The distance each bee flies in its life is astonishing. It is possible for bees to fly as far as 5 miles for food, however an average distance would be less than a mile from the hive. A strong colony, around 60,000 bees, therefore flies the equivalent distance from Earth to the Moon everyday!


The normal top speed of a worker would be about 15-20mph (21-28km/h) when flying to a food source and about 12mph (17km/h) when returning, heavily laden,  with nectar, pollen, propolis (resin collected from tree buds) or water.


Bees use the position of the sun to navigate and there is evidence too of their sensitivity to the earth’s magnetic field. Also bees' eyes are sensitive to polarised light, which penetrates through even thick cloud, so bees are able to ‘see’ the sun in poor weather.

As well as two, large, compound eyes on either side of its head the bee has three ‘ocelli’ on the top of its head. (Look carefully at the picture and you can see them in the fur on the top of her head above the big compound eye) The ocelli (collective noun for all 3 eyes) can detect the transition from darkness to light. They use them to detect where the horizon is. If the horizon moves up it means the bee is flying down so it can rotate the angle of its wings to compensate. In this way, the bee can make sure it’s flying along a flat plain to achieve a greater distance over a shorter space of time.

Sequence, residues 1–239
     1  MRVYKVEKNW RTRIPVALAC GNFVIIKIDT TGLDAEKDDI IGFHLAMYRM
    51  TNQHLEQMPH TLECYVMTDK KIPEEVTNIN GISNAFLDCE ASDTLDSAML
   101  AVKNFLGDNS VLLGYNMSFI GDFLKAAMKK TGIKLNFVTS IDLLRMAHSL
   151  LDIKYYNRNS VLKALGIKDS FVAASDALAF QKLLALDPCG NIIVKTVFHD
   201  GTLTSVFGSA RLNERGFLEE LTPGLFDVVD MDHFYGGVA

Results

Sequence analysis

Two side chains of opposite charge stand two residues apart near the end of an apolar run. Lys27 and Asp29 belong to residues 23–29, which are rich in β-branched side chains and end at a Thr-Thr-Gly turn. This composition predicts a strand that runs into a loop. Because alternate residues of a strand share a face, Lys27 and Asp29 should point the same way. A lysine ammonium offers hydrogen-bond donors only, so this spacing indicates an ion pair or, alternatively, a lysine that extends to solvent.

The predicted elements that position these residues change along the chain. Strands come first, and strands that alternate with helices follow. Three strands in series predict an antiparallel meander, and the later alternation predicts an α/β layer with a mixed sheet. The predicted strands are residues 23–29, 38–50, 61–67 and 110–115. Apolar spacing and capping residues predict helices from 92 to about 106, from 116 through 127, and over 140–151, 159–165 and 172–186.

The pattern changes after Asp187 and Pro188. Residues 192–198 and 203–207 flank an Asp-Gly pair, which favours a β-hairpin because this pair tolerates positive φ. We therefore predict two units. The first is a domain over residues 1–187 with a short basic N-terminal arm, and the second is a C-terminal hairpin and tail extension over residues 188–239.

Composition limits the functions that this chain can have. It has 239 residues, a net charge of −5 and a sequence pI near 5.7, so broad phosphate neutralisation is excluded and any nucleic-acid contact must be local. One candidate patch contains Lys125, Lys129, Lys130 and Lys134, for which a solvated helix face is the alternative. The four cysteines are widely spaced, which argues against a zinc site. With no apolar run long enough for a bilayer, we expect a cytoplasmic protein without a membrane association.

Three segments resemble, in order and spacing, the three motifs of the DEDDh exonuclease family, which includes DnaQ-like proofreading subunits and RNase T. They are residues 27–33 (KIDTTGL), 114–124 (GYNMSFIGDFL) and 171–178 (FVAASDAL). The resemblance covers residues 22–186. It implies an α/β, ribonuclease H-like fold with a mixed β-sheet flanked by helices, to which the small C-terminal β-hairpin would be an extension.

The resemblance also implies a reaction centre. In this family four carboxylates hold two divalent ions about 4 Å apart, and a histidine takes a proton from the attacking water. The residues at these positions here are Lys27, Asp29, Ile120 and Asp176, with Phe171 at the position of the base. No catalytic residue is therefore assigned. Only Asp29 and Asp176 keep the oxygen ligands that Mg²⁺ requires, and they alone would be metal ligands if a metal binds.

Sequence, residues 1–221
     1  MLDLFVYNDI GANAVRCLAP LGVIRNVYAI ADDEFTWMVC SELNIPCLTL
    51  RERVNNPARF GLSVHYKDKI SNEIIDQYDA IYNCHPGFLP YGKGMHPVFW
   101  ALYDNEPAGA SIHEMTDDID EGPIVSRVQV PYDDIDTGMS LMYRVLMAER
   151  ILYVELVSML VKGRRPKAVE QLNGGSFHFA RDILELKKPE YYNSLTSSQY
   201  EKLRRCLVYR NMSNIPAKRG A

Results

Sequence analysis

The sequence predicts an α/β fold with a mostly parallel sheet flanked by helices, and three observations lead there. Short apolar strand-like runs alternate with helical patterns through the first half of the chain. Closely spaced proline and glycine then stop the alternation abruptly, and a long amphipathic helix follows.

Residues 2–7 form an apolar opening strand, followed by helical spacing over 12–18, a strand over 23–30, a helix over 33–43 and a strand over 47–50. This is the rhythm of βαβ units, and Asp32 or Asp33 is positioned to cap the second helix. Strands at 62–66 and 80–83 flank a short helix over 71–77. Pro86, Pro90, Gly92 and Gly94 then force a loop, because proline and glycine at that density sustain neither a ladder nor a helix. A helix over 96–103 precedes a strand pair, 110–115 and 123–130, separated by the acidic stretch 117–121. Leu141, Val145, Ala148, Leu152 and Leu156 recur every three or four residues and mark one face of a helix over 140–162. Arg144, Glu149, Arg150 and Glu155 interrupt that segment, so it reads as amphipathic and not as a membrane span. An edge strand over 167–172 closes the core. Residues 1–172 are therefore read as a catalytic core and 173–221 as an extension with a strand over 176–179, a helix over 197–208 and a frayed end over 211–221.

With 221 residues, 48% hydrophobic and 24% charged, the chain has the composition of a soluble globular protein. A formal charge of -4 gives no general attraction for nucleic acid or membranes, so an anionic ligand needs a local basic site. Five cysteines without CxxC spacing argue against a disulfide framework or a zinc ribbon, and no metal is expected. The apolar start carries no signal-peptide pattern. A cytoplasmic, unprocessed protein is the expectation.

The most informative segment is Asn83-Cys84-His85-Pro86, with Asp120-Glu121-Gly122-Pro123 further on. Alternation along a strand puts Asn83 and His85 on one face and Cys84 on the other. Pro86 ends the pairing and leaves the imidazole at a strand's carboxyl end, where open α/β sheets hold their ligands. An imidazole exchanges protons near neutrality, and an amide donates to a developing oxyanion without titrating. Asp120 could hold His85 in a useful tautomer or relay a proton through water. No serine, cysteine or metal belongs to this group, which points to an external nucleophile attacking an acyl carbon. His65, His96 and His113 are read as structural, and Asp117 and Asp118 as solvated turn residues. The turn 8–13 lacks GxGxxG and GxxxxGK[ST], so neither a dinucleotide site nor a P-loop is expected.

Colour Vision

Honeybees compound eyes are sensitive more to the blue end of the light spectrum and into ultraviolet. Flowers reflect large amounts of ultraviolet light and will appear very bright to a bee. Bees are totally red blind so you may want to rethink your planting for bees to include more blues. Gardening for bees


You can help us fund more original studies of honeybees and how to help them by donating!

The charitable object of the British Beekeepers' Association is:

'to advance the education of the public and beekeepers in the craft of beekeeping and promote the importance of bees in the evironment.'

We welcome a donation to one of our current appeals:

Save the Bees or Apiary and Education